Somatostatin Receptor Positron Emission Tomography: Beyond Gastroenteropancreatic Neuroendocrine Tumors

  • Gagandeep Choudhary
  • Samuel GalganoEmail author
Nuclear Medicine & PET/CT Imaging (R Flavell, Section Editor)


Purpose of Review

Similar to various gastroenteropancreatic (GEP) neuroendocrine tumors (NETs), somatostatin receptors (SSTRs) are overexpressed in a wide array of malignant and benign conditions. Using somatostatin positron emission tomography (PET) analogs ([68Ga]DOTA-peptides) this overexpression of SSTRs can be exploited for clinical management in terms of diagnosis, therapy, and for peptide receptor radionuclide therapy (PRRT).

Recent Findings

Recent reports suggest that [68Ga]DOTA-peptide PET tracers have an emerging role in the management of wide array of non-GEP-NETs due to overexpression of SSTRs. The potential role of SSTR-PET imaging in the management of medullary thyroid cancer, paraganglioma, Merkel cell carcinoma, phosphaturic mesenchymal tumors, and inflammation will be discussed. The emerging role of theranostic and personalized medicine with PRRT using peptides labeled with yttrium-90 (90Y) or lutetium-177 (177Lu) beta emitters will also be discussed.


SSTR-PET imaging with [68Ga]DOTA-peptides has utility in malignant and benign conditions other than GEP-NETs. Combining SSTR-PET with other anatomic and functional imaging modalities has demonstrated superior diagnostic accuracy. The presence of SSTRs in these conditions opens up new possibilities in the management of these conditions in terms of imaging and therapeutics.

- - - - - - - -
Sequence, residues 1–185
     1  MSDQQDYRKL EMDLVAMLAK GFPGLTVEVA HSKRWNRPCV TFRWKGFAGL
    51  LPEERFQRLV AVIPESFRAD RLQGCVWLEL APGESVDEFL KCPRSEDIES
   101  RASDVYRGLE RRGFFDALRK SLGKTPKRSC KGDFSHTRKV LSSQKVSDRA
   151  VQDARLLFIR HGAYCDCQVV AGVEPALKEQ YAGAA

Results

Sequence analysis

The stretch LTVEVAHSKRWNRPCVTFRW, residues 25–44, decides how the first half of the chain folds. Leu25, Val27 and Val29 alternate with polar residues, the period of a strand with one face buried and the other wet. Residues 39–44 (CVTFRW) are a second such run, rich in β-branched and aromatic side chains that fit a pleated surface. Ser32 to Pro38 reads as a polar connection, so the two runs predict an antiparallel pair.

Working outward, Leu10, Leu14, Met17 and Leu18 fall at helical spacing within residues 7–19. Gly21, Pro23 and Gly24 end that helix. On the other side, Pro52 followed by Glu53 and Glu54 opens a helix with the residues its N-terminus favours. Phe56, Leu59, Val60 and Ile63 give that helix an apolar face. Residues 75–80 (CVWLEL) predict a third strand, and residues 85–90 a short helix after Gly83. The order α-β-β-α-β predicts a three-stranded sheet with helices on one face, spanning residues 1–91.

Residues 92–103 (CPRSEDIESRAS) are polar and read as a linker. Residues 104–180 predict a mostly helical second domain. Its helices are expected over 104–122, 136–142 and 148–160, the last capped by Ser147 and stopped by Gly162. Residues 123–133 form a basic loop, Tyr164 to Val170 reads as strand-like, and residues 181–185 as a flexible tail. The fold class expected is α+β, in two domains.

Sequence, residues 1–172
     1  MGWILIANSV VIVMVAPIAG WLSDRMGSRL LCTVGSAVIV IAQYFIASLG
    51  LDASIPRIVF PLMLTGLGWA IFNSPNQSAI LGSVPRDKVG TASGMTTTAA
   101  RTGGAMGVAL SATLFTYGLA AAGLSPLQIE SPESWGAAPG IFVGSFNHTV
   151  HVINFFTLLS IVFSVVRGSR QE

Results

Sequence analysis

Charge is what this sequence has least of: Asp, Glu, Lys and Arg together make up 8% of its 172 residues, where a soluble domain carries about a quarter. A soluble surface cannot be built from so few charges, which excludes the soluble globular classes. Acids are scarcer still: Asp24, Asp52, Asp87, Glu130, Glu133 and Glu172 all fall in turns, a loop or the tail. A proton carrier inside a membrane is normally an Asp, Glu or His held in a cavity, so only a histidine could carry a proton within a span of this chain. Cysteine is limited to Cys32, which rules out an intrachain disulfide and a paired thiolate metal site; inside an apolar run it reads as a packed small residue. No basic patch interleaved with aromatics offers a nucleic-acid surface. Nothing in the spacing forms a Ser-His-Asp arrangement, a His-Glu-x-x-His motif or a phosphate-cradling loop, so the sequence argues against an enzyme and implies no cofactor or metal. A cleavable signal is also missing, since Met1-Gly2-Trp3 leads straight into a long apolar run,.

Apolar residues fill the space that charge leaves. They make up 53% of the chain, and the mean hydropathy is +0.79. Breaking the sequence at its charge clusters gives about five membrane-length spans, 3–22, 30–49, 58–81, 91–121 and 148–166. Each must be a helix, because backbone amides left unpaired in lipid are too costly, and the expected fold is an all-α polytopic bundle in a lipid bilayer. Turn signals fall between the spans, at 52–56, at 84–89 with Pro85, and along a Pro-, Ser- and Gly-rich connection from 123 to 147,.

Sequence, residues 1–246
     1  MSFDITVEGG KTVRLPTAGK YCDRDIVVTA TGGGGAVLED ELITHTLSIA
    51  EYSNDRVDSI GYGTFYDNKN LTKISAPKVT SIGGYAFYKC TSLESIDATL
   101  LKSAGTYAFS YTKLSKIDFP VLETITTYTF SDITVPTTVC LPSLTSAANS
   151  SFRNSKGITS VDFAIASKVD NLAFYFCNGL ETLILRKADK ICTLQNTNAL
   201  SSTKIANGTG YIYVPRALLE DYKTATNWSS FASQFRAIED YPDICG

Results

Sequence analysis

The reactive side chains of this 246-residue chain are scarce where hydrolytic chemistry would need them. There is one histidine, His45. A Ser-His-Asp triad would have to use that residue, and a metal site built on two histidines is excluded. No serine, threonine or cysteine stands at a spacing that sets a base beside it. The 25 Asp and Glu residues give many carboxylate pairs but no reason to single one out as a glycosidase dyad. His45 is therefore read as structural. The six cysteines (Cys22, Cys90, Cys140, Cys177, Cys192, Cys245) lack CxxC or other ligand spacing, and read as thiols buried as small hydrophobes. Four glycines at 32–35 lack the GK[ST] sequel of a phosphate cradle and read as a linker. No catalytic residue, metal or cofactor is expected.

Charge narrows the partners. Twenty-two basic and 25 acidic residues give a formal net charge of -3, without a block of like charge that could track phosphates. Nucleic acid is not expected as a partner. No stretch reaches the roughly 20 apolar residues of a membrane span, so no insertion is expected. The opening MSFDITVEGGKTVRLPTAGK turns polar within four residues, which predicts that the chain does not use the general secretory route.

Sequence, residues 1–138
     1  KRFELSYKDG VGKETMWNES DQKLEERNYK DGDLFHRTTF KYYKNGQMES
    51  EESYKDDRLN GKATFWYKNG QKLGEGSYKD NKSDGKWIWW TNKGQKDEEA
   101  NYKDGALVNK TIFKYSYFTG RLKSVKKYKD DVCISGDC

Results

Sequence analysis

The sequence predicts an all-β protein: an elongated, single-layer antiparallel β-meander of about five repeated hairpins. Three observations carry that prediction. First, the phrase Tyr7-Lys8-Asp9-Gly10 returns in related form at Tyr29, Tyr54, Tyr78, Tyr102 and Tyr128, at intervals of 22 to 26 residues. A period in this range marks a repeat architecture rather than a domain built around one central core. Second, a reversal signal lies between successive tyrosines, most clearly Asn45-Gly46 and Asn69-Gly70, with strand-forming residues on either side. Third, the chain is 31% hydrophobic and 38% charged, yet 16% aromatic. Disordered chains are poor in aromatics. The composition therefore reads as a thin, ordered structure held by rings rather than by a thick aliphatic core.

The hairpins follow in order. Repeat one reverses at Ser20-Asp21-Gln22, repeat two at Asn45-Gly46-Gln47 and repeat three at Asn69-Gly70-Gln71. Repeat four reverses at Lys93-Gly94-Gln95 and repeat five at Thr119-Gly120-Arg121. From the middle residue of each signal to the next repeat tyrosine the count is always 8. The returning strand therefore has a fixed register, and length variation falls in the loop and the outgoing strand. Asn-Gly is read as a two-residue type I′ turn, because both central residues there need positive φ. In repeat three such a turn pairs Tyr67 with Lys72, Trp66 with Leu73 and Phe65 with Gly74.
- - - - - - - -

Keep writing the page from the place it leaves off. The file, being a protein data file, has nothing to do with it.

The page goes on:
Somatostatin receptor Medullary thyroid cancer Paraganglioma Inflammation Positron emission tomography (PET) [68Ga]DOTATATE 


Compliance with Ethical Guidelines

Conflict of interest

Gagandeep Choudhary declares no potential conflicts of interest. Samuel Galgano reports research support from Advanced Accelerator Applications.

Human and Animal Rights

This article does not contain any studies with human or animal subjects performed by any of the authors.


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Authors and Affiliations

  1. 1.Division of Molecular Imaging & Therapeutics and Neuroradiology, Department of RadiologyUniversity of Alabama at BirminghamBirminghamUSA
  2. 2.Division of Abdominal Imaging and Molecular Imaging & Therapeutics, Department of RadiologyUniversity of Alabama at BirminghamBirminghamUSA

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